Vermouth masterclass at Mele e Pere: a ridiculous London bargain

White and red vermouths, handmade in Mele e Pere, and a really fearsomely disgusting hyper-dark vermouth which I am not adult enough to enjoy

White and red vermouths, handmade in Mele e Pere, and a really fearsomely disgusting hyper-dark vermouth which I am not adult enough to enjoy

With Elizabeth locked away in her flat until she’s finished the first draft of The Book (I know I’m biased, but bloody hell it is SO GOOD), we put a date in the diary weeks ago for a catch up.

“Erm, do you fancy a vermouth tasting?” she said. I assured her that I am on board with pretty much anything that is suffixed by the word “tasting” and we duly booked, and headed off to the vermouth bar in the basement of Mele e Pere, an Italian restaurant on Brewer Street just across the road from the Glasshouse pub.

Now, let’s have a quick pause for you to sign up, because I haven’t encountered this sort of ridiculously good value in London in aeons. Mele e Pele’s vermouth masterclass is £15. FIFTEEN POUNDS. For reasons that will soon become apparent, this isn’t so much a steal as a giveaway by an incredibly courteous saint.

Plates of all the aromatic goodies that go into the vermouth. Pretty much everything is a stomach-calmer of some description, so the next time you get an upset tummy: drink vermouth

Plates of all the aromatic goodies that go into the vermouth. Pretty much everything is a stomach-calmer of some description, so the next time you get an upset tummy: drink vermouth

Ed Scothern, the multitasking Mele e Pele sommelier and general manager, handed round plates of the botanicals to smell, and started us off with the white and red vermouths handmade in Mele e Pele in 12 litre quantities each week. Vermouth is a fortified wine, with bitters and botanicals added to a white wine base. It gets its name from one of these, wormwood:  “wermut” in German, and a key ingredient in absinthe.

“Zero green fairies here, you need the oil,” Ed said.

“Damn,” we all said, because we are all hilarious.

The white vermouth had a sweet edge without being toothrotting. Citrus calmed that down, and it was rather good. I loved the red best: it gets that dark colour from ingredients like rhubarb root, and it had a zing of anise about it which was delicious. I didn’t get on with the dark, branded vermouth at all. It was far too bitter for me and one of the reasons I can’t get on with negronis.

White and red vermouths, handmade in Mele e Pere, and a really fearsomely disgusting hyper-dark vermouth which I am not adult enough to enjoy

Mmm, quadruple parked

Ed next whipped us up a “Down the Apples”, made with white vermouth, apple vodka, pear liqueur and apple juice. It was an accidental discovery while trying to make an apple martini, apparently, and pear and apple together are gorgeous. A sexy pear drop.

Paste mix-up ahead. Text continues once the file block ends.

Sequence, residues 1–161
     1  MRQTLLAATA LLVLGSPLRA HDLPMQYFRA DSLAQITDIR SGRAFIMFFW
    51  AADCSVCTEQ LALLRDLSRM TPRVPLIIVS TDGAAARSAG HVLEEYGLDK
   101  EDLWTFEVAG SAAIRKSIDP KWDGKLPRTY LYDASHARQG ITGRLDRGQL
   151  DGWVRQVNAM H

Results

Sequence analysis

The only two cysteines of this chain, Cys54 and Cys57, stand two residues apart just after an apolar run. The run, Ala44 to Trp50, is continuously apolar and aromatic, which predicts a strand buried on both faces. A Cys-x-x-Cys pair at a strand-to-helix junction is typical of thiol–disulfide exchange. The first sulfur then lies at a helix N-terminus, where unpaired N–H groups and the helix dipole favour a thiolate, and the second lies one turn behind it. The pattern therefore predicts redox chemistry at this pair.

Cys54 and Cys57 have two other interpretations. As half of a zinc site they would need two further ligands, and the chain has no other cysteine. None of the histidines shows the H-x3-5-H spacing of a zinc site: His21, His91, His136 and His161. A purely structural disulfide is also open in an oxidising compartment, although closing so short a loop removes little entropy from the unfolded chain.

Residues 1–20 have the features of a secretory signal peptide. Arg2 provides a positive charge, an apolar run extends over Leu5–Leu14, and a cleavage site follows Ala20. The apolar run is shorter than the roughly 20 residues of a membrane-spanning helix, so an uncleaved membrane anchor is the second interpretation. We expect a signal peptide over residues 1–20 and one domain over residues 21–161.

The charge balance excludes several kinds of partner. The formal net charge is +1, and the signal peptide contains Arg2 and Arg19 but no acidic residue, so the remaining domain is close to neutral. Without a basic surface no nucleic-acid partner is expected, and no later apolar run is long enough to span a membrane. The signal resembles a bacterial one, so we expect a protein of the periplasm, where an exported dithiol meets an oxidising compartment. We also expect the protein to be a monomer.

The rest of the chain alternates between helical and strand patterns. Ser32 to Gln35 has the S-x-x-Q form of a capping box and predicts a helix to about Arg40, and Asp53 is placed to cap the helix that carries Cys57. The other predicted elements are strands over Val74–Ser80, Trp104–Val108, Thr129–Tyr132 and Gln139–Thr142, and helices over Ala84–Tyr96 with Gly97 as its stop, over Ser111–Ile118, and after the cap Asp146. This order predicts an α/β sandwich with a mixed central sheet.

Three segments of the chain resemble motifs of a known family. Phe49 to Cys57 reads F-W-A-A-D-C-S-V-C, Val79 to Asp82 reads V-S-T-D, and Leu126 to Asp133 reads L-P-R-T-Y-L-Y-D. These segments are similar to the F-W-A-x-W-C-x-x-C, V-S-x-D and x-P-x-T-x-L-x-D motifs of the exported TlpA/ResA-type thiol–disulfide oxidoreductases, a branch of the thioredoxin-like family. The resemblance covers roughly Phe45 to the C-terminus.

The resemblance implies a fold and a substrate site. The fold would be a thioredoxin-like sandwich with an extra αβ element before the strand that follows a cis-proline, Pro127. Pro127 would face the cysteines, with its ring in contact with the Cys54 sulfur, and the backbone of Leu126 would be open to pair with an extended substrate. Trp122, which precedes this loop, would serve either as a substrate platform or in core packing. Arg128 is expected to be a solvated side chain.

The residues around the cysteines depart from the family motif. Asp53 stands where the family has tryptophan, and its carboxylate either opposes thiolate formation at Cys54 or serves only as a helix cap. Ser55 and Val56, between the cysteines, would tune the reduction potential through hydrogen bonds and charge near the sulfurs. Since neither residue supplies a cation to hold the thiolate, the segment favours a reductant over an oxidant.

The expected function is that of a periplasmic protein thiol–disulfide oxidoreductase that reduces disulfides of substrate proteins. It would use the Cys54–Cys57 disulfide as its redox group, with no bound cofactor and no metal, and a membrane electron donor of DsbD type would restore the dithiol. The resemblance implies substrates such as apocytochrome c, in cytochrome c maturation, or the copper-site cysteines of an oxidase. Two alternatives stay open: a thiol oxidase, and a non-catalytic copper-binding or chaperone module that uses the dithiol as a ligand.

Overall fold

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Next up, delicious food. I KNOW. Seriously, I was envisaging a couple of tastes of vermouth and maybe some crisps. Instead, we had spicy ascolana olives made with nduja and lovely and crisp; deep fried squid with smoked aioli, and San Daniele ham with beautiful puffs of bread.

While Elizabeth and I talked about skirts, books, and writing, and booze, Ed also went on to make us a Martinez cocktail (£15! £15!). I’d had a very, very strong one a few years ago and wasn’t particularly overjoyed at the prospect of more harsh, bitter booze, but this was a sodding revelation. The curl of orange sat beautifully with the vermouth, and just enough gin to make the gin taste like the booze equivalent of an incredibly glamorous, elegant frock, instead of a violently bitter mess. Amazing. I also loved that it was served in a little Alsacien glass.

As if this wasn’t enough, Ed then announced that we would now get to have a go at making our own vermouth. Elizabeth and I started getting WILDLY promising flashbacks to when we mixed our own gins at the Ginstitute (seriously amazing evening: I bought tickets for my brother’s 30th this year).

Take all of the things, and put them in the glass. WHAT CAN GO WRONG?

Take all of the things, and put them in the glass. WHAT CAN GO WRONG?

Ed gave us glasses of slightly sweetened white wine, and a bunch of botanicals to pipette in. I duly whacked in a load of wormwood, some angelica because I remembered it being delicious at the Ginstitute, orange, rhubarb, some lemon, and then some gentian, which made both Elizabeth and I feel full Elinor Brent Dyer.

It was delicious. Did it stop there? Reader, it did not stop there.
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A sorbet of the rather hardcore dark vermouth was duly summoned from the kitchen, by which point Elizabeth and I were feverishly muttering “Fifteen pounds! Fif! Teen! Pounds!” at each other and contemplating playing our many, many glasses like Sandra Bullock in Miss Congeniality. What an amazing ending to a completely surprising, delicious evening. Vermouth = delicious and way more than something to be chucked out of a glass before pouring gin in.

Mele e Pele’s vermouth masterclasses are £15 and announced two months in advance through the newsletter, although Ed said he is taking a break this winter to have a baby. Mazel tov! You can sign up on the website for more info. Did I mention this is the most ridiculously good value thing I’ve ever done in London?

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